I despair. My ambition was to do a weekly survey of important political issues relevant to this election. But after the economy and the NHS there seems to be little actual argument over policies. Housing and immigration do feature prominently in local hustings. But education, the EU, political reform: nobody seems interested. Instead the election news is dominated by Scotland. So that’s what I’ll cover this week.
The proximate cause of the fuss is the rise of the SNP. This surge was first evident in 2011 when they secured a majority in the Scottish Parliament, in spite of its proportional electoral system. But for some reason the Westminster parties did not appreciate the threat. The calculation may have been that unionists would easily win the referendum on Scottish independence which was to follow, and this would deflate the nationalist bubble. But the referendum caught the Scots’ imagination, and made the Westminster parties look flat-footed. The unonists won the referendum, but by a smaller margin than expected, and only through the use of negative tactics. The SNP bubble did not burst; new members flocked in, excited by its offer of hope and optimism.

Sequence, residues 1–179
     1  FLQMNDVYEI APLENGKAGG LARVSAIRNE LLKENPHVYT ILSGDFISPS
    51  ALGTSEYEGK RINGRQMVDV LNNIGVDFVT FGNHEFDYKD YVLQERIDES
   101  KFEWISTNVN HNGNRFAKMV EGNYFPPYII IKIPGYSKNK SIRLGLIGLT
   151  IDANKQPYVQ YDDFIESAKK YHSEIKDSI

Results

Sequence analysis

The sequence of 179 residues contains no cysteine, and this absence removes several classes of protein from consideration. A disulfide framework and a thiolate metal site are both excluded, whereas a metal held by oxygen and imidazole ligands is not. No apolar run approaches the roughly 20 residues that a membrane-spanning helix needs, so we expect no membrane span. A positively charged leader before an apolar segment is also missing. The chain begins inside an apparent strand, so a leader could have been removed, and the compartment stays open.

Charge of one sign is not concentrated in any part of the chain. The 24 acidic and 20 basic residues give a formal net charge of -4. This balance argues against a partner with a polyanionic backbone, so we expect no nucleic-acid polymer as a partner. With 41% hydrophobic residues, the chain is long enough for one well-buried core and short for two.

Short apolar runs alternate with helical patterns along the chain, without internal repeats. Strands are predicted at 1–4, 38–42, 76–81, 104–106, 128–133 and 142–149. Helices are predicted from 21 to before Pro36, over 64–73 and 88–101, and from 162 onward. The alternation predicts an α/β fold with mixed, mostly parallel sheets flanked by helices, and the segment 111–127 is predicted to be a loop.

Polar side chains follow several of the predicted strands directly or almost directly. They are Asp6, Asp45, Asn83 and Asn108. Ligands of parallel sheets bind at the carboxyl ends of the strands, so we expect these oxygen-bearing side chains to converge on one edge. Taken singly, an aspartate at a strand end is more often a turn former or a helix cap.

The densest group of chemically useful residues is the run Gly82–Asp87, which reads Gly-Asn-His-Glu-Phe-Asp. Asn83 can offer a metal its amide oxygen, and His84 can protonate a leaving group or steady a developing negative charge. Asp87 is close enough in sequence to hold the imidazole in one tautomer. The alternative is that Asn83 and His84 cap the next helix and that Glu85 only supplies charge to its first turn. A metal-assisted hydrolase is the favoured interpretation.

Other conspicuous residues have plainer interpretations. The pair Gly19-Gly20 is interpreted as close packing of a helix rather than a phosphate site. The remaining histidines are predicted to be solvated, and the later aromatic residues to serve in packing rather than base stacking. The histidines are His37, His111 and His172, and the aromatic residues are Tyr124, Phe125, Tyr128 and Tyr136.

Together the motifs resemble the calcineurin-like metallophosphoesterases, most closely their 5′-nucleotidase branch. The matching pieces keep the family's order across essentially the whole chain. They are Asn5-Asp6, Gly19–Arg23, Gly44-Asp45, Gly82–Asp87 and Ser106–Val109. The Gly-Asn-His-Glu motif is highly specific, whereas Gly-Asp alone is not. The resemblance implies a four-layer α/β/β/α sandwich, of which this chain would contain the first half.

The Lib Dems in Scotland had long been braced for bad things. Their association with the toxic Tories in Westminster turned a lot of their Scottish supporters off. But a collapse in the Labour vote took that party by surprise. They have offered nothing but negative campaigning and institutional inertia; it should have been no surprise – and it was certainly well-deserved. As a result the SNP seem certain to sweep Scotland on May 7, leaving Westminster with a problem. The party will surely hold the balance of power. and they have said that there is no way that they can support a Conservative government.
A flailing Conservative campaign has seized on this. It is stoking up English (and Welsh) voters with the idea a Labour government would be propped up by the SNP in a “coalition of chaos”. To stop this they are appealing to floating voters, especially those bending towards Ukip, to support the Conservatives to give them an outright majority and show the Scots who’s boss (they don’t actually articulate that last bit). Former Conservative Prime Minister John Major offered the English offered the country a stern warning.